Susie Cagle is a journalist and illustrator based in Oakland, California.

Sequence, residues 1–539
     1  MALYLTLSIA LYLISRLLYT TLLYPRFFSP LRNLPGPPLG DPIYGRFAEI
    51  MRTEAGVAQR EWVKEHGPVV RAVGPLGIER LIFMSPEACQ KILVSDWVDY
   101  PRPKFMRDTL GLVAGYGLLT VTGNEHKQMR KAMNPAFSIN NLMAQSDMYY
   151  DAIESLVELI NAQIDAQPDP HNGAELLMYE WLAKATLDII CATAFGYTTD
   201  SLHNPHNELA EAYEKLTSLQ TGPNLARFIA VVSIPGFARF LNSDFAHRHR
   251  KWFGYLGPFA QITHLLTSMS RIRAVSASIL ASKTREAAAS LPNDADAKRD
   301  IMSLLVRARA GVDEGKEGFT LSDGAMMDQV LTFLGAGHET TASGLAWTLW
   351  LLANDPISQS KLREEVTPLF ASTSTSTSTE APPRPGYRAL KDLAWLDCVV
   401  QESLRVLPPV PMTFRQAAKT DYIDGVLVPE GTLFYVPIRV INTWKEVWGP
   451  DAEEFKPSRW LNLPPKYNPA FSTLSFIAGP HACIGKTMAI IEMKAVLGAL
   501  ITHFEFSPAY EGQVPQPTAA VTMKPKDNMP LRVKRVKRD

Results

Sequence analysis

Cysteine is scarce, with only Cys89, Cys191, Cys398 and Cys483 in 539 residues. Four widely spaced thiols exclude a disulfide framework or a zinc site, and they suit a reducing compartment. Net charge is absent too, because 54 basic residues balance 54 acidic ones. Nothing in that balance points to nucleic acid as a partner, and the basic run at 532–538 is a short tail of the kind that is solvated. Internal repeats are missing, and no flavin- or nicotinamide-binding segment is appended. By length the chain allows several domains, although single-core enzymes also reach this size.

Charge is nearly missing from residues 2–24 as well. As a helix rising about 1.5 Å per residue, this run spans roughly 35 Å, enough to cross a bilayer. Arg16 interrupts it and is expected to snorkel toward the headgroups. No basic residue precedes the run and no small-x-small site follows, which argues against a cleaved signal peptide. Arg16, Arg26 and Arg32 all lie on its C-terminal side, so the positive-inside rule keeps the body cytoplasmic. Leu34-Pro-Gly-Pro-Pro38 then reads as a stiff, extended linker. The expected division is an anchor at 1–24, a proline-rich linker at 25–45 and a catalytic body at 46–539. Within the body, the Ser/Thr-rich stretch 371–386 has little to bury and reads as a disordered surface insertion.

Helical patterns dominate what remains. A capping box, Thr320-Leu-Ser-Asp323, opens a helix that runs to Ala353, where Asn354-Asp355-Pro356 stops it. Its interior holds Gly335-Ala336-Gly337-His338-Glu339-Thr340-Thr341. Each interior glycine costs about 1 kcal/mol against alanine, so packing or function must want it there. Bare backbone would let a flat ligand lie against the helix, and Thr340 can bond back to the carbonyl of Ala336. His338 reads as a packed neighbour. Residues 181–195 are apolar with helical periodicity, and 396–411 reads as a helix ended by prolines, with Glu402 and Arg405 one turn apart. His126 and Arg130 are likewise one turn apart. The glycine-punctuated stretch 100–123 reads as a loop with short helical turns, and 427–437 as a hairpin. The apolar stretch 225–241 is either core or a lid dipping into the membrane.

“What makes Occupy interesting as a power is its amorphousness. Journalists, pundits and everyday people debate what Occupy’s deal is, and in doing so help to mainstream progressive grievances. While they have by no means halted the rightward drift of the discourse that’s continued since 1964, they’ve at least inhibited it for the last few months; they’ve made everybody slow down just a damn minute. They’ve perniciously injected into our discussions ideas that would have seemed nostalgic or like some pointy-headed anathema just five years ago. Occupy’s vagueness demands that politicians and commentators approach it and engage it. They have to move left and ask if that’s enough. As soon as the movement is distilled to 10 targeted pieces of legislation with three-point action plans for each law, though, every Democrat on Capitol Hill can roll his eyes, go down the list saying, “Yes, no, hell no, yep, doable…” etc., immediately calculating which ideas can be gutted and sold out, which can get him reelected and which he can safely ignore.”